Saudi Arabia is planning to test Japan-inspired capsule rooms in Mina in the coming days as an estimated two million pilgrims are expected to arrive for the six-day hajj.
The nap pods will be available for free and is in line with the efforts to bring in modernise the traditions of the annual hajj, an AFP report said. Each fibreglass pod is three metres long and about one metre high and includes a mattress, clean sheets, air conditioning and a mirror. The pods can be stacked wither horizontally or vertically.
Haji and Mutamer Gift Charitable Association head Mansour al-Amer is offering between 18 and 24 capsule for pilgrims. He said: "We are always thinking about pilgrims and how to make them more comfortable during the rituals of hajj.”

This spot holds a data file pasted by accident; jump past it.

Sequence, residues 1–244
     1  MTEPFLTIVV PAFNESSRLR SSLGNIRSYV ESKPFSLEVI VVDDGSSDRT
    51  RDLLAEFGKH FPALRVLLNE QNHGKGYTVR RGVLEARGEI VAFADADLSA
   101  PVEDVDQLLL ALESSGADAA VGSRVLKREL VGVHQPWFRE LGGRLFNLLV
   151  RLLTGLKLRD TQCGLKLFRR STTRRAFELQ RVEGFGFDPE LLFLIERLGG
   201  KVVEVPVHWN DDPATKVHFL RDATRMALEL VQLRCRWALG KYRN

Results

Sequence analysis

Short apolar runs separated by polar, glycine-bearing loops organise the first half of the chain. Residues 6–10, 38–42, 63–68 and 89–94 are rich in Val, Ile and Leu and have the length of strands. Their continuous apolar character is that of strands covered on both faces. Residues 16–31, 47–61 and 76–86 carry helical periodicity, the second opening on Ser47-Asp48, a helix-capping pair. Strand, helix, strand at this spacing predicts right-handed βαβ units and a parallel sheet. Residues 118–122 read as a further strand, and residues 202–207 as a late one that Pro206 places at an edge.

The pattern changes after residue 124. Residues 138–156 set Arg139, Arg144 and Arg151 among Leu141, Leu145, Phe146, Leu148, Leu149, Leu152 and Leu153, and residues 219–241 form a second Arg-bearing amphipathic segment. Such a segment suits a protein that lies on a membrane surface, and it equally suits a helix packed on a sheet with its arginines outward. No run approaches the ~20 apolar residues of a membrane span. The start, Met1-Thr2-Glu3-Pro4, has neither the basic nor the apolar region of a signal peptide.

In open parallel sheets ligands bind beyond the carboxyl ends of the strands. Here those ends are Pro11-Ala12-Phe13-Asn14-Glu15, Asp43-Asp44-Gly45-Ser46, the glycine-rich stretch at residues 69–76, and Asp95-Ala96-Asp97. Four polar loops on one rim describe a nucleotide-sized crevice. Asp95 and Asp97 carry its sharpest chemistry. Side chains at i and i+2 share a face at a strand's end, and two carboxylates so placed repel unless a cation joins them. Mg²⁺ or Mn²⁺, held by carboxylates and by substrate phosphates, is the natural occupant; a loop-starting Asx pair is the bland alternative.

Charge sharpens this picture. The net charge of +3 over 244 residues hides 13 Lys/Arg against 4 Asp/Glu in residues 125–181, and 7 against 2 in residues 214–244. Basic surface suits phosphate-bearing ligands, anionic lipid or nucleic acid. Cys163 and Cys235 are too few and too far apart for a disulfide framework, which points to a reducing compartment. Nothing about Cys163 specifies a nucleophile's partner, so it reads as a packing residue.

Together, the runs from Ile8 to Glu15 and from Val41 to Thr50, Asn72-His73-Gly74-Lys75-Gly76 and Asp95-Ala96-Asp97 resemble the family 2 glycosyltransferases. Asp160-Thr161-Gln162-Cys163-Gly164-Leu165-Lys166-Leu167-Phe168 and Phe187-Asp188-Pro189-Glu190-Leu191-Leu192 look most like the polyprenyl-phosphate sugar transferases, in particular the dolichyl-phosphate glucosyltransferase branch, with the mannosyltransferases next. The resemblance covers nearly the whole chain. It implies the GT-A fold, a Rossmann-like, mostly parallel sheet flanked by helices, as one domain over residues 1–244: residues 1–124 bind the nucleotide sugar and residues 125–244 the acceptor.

The nap pods are supposed to provide a means of shelter for hajj visitors who can’t afford alternative accommodations. Users can access the pod, which was imported from Japan for US $1,114 each, for three hours at a stretch. After each use, the pod will be sterilised for the next person for use.
"The idea already exists globally, in Japan for example, and in several cities across the world," Amer said. "We believe it's extremely well-suited for crowded places in our holy sites and in Makkah."
"The capsules work through a share economy, like bicycles that you can rent for an hour and then leave for someone else," Amer noted.
Earlier this year, 12 pods were put to the test and around 60 people tried it out successfully during Ramadan.
With each year witnessing growing influx of pilgrims and religious tourists, providing accurate accommodation has become a challenge to the Saudi authorities, the story noted, with travellers choosing to stay in tents to five-star hotels.
To contend with the rising demands during hajj, the report noted that Saudi authorities are pushing a "smart hajj" initiative to modernise the offerings.